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Pernicious Anaemia and the Pain from the Misunderstandings of Others

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A little while ago, I wrote about the deleterious effects that pernicious anaemia has on the physical body and the mind of those who suffer it. I wrote of my own experiences  about how it masquerades as all manner of different illnesses and how, as a result, some  people suffer for years before a proper diagnosis and eventual (sometimes very poor)  treatment. Now an alert: what follows here might be distressing to some, since it tells of  unpleasant and seldom or never publicised truths. 

In addition to the physical symptoms, there’s a darker and often more distressing side to pernicious anaemia which, as a reminder, is totally incurable and when you have it, it’s for life. That darker side originates in the fact that a sufferer usually doesn’t look ill at all, so much so that until it’s diagnosed, many, maybe most, are told over and again that they actually look quite well and have it repeatedly suggested that either: (a) it’s all in their head, and they’re  actually just neurotic (or a ‘head case’); or (b) they’re attention-seeking; or (c) they’re trying  to somehow get out of going to work like every normal person has to. It’s actually very difficult  to explain the pain of knowing you’re severely ill and believing you are dying while loved ones  look at you sideways and wonder what’s really going on. Or perhaps, instead of wondering,  they decide there’s actually nothing going on and then become irritated because they believe  you’re making it all up for reasons best known to yourself. What often follows that is decidedly  odd and even more uncomfortable – guilt arising from the fear that they may be right and  there’s nothing really wrong other than a case of ‘nerves’. Self-doubt is not uncommon for  sufferers of pernicious anaemia.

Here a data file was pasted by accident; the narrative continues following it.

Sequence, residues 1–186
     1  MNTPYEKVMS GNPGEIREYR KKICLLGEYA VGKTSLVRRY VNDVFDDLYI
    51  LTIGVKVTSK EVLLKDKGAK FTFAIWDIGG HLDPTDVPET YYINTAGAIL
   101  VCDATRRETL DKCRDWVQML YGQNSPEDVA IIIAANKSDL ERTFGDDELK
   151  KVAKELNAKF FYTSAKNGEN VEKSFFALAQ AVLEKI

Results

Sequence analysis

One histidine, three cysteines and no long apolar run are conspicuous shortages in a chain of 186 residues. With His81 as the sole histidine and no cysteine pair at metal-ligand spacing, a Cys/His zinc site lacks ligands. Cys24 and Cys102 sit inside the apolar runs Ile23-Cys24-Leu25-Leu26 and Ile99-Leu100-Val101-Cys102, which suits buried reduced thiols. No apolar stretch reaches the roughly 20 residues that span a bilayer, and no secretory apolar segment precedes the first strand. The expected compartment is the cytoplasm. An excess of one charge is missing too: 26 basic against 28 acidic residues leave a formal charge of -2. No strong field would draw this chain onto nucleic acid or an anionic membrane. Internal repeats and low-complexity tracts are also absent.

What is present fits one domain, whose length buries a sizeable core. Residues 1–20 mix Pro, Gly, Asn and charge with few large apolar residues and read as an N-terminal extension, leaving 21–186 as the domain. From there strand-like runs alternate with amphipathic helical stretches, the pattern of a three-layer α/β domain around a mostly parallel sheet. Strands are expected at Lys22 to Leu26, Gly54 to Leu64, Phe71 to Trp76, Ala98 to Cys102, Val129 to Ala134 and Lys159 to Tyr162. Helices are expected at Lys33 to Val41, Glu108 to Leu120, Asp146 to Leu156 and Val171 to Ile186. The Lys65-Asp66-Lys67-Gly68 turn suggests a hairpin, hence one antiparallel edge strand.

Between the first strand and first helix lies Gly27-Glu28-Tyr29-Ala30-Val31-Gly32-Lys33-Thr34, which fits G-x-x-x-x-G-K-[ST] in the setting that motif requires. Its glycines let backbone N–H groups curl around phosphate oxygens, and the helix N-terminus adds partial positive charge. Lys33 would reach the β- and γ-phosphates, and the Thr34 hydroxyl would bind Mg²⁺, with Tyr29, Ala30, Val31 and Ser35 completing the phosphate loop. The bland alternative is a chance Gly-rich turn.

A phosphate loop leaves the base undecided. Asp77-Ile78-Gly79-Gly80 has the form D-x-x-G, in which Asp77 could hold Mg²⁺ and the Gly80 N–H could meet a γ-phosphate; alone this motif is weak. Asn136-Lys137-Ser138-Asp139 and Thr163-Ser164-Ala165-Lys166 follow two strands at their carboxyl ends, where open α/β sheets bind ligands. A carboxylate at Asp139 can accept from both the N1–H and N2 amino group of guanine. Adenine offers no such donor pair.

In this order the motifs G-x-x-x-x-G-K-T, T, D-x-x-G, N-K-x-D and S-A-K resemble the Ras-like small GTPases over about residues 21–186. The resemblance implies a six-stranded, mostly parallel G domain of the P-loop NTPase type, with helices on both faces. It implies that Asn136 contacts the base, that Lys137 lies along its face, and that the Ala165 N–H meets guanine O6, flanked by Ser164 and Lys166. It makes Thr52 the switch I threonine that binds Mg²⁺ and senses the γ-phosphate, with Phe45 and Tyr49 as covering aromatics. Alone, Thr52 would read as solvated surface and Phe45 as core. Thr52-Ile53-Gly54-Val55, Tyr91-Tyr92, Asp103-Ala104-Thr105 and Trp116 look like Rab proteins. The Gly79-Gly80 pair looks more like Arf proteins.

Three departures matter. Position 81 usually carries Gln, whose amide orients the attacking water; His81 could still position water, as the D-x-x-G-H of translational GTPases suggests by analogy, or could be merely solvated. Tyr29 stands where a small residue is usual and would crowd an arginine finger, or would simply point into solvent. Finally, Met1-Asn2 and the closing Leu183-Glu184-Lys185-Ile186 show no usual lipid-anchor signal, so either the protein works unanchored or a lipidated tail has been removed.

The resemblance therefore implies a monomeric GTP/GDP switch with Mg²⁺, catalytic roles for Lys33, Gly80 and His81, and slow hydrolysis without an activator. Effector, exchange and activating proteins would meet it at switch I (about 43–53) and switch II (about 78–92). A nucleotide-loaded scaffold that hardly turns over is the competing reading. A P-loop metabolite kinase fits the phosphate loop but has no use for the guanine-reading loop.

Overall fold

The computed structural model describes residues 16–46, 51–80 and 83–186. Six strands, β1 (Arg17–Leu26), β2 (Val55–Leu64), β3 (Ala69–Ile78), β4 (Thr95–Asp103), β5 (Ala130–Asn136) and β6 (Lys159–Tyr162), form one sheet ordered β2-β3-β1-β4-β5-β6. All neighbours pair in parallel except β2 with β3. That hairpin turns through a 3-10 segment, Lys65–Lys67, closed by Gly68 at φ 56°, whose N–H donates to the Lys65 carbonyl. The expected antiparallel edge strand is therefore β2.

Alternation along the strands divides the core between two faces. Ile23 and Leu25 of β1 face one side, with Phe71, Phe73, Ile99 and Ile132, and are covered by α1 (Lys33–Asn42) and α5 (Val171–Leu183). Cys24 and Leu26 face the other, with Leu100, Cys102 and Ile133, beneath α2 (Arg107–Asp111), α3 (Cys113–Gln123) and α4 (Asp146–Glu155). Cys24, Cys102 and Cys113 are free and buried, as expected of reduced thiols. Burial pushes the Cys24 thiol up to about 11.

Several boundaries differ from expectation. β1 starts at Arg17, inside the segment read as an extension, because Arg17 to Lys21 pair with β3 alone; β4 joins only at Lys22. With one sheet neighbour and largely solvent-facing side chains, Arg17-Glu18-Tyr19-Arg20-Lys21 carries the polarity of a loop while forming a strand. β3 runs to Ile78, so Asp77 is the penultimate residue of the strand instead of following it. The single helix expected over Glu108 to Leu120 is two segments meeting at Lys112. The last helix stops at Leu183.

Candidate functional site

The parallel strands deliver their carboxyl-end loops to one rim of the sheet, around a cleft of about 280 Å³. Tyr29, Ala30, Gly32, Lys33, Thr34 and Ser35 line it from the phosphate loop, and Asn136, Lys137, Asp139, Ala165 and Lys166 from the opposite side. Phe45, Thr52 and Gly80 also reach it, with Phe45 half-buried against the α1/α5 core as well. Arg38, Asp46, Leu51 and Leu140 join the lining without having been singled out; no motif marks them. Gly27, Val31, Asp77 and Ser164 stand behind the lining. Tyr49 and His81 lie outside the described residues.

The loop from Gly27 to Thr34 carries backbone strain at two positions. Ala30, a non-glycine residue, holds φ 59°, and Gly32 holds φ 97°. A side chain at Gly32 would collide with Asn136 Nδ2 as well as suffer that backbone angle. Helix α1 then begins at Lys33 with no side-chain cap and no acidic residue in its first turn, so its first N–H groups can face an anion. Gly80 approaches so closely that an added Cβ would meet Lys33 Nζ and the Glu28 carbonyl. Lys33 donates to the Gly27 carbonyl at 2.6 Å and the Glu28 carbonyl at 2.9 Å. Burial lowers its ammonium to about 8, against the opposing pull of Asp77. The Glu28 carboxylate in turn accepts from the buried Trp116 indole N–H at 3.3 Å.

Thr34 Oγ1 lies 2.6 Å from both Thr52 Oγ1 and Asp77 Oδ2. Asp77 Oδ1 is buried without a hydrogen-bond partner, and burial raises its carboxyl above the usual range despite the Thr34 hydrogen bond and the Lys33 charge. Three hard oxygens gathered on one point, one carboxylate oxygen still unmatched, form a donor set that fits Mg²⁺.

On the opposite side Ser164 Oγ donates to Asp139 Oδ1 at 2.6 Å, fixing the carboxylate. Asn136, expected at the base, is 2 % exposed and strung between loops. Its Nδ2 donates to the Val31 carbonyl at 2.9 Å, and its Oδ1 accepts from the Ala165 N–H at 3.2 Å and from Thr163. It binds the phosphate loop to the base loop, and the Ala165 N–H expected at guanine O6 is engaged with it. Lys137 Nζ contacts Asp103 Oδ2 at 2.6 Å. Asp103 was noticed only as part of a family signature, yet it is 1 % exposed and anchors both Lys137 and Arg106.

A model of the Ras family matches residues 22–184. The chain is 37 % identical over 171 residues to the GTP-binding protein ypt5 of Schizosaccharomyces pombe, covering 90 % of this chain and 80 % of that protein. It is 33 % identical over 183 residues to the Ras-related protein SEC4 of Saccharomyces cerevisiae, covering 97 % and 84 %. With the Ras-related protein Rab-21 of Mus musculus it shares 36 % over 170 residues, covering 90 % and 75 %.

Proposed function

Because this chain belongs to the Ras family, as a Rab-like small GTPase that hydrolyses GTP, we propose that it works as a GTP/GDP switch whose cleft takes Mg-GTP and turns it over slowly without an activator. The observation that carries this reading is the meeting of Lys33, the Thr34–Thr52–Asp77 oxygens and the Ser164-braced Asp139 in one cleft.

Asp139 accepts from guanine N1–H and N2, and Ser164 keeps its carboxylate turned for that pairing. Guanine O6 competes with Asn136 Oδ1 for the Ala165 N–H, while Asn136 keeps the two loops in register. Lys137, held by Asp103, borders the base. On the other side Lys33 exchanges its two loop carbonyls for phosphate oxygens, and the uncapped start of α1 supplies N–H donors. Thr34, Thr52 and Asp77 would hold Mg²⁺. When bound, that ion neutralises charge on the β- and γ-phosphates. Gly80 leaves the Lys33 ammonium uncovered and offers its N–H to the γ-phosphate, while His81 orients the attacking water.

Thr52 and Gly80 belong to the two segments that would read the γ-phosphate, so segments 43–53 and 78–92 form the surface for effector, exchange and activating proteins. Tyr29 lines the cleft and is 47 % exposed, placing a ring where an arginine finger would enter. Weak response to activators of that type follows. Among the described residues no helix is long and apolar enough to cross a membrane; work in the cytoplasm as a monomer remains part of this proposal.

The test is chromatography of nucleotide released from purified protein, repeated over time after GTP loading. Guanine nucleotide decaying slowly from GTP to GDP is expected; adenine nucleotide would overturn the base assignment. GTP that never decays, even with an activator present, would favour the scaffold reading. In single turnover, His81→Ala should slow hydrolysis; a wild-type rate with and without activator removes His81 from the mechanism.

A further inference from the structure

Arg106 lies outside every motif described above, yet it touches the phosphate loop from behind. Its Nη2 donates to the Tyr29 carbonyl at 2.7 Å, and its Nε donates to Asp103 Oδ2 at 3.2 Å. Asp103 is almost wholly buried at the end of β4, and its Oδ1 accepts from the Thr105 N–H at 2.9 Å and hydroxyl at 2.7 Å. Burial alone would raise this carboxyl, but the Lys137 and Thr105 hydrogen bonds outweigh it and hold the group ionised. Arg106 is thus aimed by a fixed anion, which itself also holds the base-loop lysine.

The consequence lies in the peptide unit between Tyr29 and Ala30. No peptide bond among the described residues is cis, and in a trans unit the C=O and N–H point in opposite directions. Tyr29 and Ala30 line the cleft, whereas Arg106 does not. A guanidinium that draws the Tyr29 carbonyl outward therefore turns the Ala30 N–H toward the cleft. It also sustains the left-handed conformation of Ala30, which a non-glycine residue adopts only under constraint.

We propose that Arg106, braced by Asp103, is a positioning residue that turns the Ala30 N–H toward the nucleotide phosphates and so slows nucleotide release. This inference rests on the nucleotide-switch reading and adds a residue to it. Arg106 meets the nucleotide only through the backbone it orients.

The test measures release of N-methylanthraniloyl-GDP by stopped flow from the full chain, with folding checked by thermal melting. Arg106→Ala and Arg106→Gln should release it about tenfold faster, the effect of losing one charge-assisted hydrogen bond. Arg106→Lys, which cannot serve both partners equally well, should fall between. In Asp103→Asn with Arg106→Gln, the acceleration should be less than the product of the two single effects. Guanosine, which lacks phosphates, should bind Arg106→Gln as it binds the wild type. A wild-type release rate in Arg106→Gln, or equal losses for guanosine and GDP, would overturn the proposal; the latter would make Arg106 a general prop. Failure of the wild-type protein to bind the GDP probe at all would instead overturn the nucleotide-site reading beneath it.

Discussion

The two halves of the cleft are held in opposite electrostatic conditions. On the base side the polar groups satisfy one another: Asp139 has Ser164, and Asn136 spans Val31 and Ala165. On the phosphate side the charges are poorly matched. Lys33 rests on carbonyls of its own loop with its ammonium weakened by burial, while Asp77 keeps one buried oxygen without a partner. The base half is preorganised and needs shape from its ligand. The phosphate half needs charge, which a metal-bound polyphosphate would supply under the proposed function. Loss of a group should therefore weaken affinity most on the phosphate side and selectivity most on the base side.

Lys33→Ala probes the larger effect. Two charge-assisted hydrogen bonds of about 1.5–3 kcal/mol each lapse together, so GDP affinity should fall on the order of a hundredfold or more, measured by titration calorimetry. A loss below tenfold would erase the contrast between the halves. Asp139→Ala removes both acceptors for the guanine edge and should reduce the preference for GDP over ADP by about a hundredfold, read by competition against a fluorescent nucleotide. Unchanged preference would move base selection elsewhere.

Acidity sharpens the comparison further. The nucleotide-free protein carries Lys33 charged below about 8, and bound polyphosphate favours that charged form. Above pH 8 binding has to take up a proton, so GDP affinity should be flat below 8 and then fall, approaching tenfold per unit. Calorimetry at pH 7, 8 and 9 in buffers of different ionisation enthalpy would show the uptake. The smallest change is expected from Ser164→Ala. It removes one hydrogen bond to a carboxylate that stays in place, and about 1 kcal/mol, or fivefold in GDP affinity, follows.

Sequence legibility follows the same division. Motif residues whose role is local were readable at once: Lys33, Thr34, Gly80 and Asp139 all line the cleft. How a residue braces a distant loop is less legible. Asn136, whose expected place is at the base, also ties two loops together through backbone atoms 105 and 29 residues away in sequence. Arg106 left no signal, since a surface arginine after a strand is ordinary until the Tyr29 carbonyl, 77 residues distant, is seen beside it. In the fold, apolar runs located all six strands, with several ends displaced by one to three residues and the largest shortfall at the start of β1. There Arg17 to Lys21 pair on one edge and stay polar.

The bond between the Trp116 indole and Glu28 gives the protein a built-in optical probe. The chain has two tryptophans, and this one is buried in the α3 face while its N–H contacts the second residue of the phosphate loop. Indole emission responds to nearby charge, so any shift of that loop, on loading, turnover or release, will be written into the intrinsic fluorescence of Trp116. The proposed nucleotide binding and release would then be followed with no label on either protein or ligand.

Perhaps the biggest problem is that the stress and anxiety created by those reactions of others while knowing beyond doubt that there’s something dreadful going on in your body seriously depletes whatever B12 you do have left and so the symptoms multiply and accelerate. It’s a  quite horrid vicious circle from which it feels like there’s no escape. So, in the end, you stop  talking about it and everybody assumes you’re getting better. But you’re not. 

You might imagine that things get better once it’s been diagnosed; but you’d be wrong, most  of the time. When you tell others that it’s pernicious anaemia, a common response is along  the lines of ‘Oh, anaemia. OK get few iron tablets down you, and you’ll be fine.’ Trying to  explain that this is not iron deficiency but vitamin B12 deficiency doesn’t help at all. And if  you say that this is a life-threatening illness, just hearing ‘Well take your damn vitamins  then’  is exasperating, because you cannot ‘just take your vitamins’ because you cannot  absorb them. They have to be given to you via a needle into a muscle, or you have to  somehow muster up the courage to stick the needle into yourself. Easy enough once you’ve  done it a few times, but that first time…